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Red Bull staying in football and exploiting synergy

Dietrich Mateschitz did an interview where he talked about corporate strategy and the future for Red Bull.

Mark Thompson/Getty Images

The notoriously secretive co-owner and co-founder of Red Bull, Dietrich Mateschitz, did an interview with Profil (an Austrian weekly magazine). During the interview, he talks about his teams in Salzburg and Leipzig, with a little Formula 1 thrown in. Mateschitz describes Red Bulls' corporate plan for international football going "very positively" and proceeding according to plan.

On criticism of synergy.

It is ridiculous. Of course we're trying to exploit synergies, who wouldn't? All of our activities in this regard are within the preset of the FIFA Regulations.

Recently, Red Bull Leipzig was blocked from "transferring" in Nils Quaschner from Red Bull Salzburg. He was ineligible to play for the German side because he played with multiple teams during the preseason.

On protests from soccer fans and supporters.

This so-called enmity is very limited. If you want to stretch the mathematics, we are talking about zero point zero percent of all football fans. The fringe groups don't understand anything or have other motives. This activism is picked up by the media and serves to create headlines.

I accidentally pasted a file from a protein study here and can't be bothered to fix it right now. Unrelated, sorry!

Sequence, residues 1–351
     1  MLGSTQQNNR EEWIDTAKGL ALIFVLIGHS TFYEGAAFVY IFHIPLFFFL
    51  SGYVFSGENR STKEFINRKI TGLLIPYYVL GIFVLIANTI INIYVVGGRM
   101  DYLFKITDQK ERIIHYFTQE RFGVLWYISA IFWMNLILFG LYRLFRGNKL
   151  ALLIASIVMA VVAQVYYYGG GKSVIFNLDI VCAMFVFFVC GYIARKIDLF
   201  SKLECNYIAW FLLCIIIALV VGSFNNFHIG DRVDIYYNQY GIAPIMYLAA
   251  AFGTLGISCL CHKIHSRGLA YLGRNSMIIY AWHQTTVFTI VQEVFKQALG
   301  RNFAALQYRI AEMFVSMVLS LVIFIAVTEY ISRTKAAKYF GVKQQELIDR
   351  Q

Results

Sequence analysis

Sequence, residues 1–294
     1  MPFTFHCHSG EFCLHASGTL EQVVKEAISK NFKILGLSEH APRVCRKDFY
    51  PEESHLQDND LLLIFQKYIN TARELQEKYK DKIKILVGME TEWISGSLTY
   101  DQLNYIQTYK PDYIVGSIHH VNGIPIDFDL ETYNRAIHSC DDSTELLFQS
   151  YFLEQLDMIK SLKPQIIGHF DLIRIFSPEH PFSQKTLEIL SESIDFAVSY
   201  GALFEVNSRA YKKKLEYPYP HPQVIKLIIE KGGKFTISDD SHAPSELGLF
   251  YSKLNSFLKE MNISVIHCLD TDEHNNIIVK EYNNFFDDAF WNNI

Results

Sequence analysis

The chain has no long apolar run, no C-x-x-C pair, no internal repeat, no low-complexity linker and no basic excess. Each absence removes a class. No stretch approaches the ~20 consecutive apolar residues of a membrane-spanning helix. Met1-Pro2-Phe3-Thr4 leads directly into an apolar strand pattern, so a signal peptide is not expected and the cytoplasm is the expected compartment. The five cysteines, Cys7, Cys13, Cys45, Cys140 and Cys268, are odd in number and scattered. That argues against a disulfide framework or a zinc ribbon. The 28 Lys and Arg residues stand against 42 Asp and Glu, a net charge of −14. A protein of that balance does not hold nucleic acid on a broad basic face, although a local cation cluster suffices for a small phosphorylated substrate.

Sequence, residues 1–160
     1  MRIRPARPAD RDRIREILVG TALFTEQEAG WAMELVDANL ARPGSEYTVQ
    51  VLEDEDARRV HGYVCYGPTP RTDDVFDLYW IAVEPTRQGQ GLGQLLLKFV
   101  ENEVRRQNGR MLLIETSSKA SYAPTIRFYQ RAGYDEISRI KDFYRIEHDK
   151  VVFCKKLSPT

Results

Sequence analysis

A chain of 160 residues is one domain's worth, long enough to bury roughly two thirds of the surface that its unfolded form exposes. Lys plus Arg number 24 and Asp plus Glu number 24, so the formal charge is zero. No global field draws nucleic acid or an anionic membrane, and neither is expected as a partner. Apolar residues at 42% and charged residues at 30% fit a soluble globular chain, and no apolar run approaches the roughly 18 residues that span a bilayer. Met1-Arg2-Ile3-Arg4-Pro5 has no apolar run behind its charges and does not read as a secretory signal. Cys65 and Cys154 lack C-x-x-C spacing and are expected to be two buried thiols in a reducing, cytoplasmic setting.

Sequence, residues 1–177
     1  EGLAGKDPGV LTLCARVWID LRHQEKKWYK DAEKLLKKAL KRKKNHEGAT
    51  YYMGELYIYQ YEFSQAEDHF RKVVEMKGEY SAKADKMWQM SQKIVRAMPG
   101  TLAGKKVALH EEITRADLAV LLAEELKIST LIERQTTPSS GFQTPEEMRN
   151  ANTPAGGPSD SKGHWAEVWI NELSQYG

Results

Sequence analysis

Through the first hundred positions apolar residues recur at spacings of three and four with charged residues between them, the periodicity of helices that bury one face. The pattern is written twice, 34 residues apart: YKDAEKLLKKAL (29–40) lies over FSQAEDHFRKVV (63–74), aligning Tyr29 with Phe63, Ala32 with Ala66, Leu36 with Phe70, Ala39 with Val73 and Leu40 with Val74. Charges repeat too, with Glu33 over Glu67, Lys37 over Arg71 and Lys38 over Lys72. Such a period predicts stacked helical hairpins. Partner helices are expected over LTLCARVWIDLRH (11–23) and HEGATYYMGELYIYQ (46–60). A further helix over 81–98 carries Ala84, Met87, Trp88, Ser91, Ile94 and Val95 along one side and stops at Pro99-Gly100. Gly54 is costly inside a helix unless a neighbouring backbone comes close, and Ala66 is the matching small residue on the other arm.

Some would argue that the protests are not limited nor made up of zero percent of fans.

On what would cause Red Bull to get out of football.

I could not think of anything at the moment.

Red Bull isn't getting out of football, but they're also not buying Leeds United (according to them and I'm fully acknowledging that they may end up owning the English club very soon).

In case you're wondering what Mateschitz's opinions are on the New York Red Bulls and how the franchise is currently running, he wasn't asked. Mateschitz also didn't offer any information about the American team he has yet to see play in the stadium he paid to build. However, he also didn't talk about Red Bull Brazil or the academy in Ghana that was sold to Dutch outfit Feyenoord, so perhaps the interview was focused solely on European holdings.

Regardless of what happens in England, Austria, Germany, or America, Dietrich Mateschitz and Red Bull don't see any obstacles in their way and view their current clubs as a success.

Do you support the direction Red Bull is going in? Do you see Red Bull buying Leeds United? Is synergy between teams under the same umbrella a sound strategy?